I’ve gotten comments my entire life about how I eat.
That’s not terribly unusual for many people, I don’t think. We’re all super nosey, lol, and want to know how, what and why other people are eating a certain way. Even long before I became a Holistic Nutritionist, I was always intrigued by what was on other people’s plates.
Often I hear from clients that they are getting flak from friends and family members for changing up their typical meals, and honestly, it can be a tough adjustment.
One time, a co-worker asked me about the muffin I was snacking on. I told her, and before I could even tell her the ingredients and why it tasted so good, she said that “it must be gross” because I make everything “way too healthy.” LOL!
It’s easy to be offended when people comment on our food, because how we eat is a very personal choice. Many people already hold a great deal of shame, fear or uncertainty around how they eat, and it can sting to hear something like that.
So how do we handle these comments?
- Recognize that there will always be people who make comments.
- Understand that these comments are not about you. Rather, they’re a reflection of how the other person likely feels about their own style of eating and potential insecurities surrounding the way the eat.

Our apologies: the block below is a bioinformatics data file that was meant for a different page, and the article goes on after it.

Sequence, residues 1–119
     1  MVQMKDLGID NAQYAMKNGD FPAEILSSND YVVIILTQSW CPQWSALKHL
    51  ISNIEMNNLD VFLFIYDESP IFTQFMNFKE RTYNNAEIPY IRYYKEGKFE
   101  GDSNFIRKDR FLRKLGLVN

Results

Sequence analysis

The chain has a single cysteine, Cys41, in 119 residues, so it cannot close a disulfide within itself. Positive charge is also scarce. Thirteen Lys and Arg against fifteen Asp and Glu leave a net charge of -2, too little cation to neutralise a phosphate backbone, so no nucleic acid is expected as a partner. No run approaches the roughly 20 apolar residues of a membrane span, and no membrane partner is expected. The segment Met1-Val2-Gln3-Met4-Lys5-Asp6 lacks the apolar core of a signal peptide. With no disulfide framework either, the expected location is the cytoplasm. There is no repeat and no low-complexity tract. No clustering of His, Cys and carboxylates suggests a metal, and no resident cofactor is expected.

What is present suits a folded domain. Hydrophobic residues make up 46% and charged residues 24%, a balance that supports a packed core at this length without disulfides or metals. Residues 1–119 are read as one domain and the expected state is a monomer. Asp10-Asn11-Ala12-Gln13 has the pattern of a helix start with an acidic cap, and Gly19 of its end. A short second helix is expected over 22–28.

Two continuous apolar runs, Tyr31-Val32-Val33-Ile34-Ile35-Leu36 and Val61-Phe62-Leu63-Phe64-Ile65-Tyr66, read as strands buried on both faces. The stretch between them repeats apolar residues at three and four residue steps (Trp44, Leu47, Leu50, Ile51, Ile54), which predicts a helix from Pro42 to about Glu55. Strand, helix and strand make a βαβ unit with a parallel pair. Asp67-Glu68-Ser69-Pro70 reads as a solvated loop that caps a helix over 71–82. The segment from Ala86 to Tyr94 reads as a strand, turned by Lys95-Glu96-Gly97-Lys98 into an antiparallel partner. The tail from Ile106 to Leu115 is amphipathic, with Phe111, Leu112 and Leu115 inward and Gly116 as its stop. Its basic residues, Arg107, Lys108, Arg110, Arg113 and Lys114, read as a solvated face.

- Get comfy in the uncomfy. Yes, some of the comments that people make might even feel downright rude, but nutrition is extremely personal and if how YOU eat makes someone else uncomfortable, that’s their issue.
When it comes to comparison in terms of nutrition, the only rule is that you need to do you. Your plate may look different from someone else’s and that’s totally ok.
Instead, focus on eating what you love and what makes you feel your best.
You don’t need to justify how you eat to anyone.
If someone is very persistent and it’s bothering you, mention in a polite way, “this might be different than how someone else eats or how I used to eat, but it’s making me feel really good.” Anyone who’s going to argue with you about eating in a way that makes you feel amazing is making it clear that they likely have a difficult relationship with food themselves.
The good news is that you’re also leading by example. Many people have told me that once they started quietly eating better, the people they spent time with began to naturally eat in a healthier way as well, without being at all pushy about it whatsoever.
Has anyone ever made you feel uncomfortable about how you eat? What did you do? Let me know over on Facebook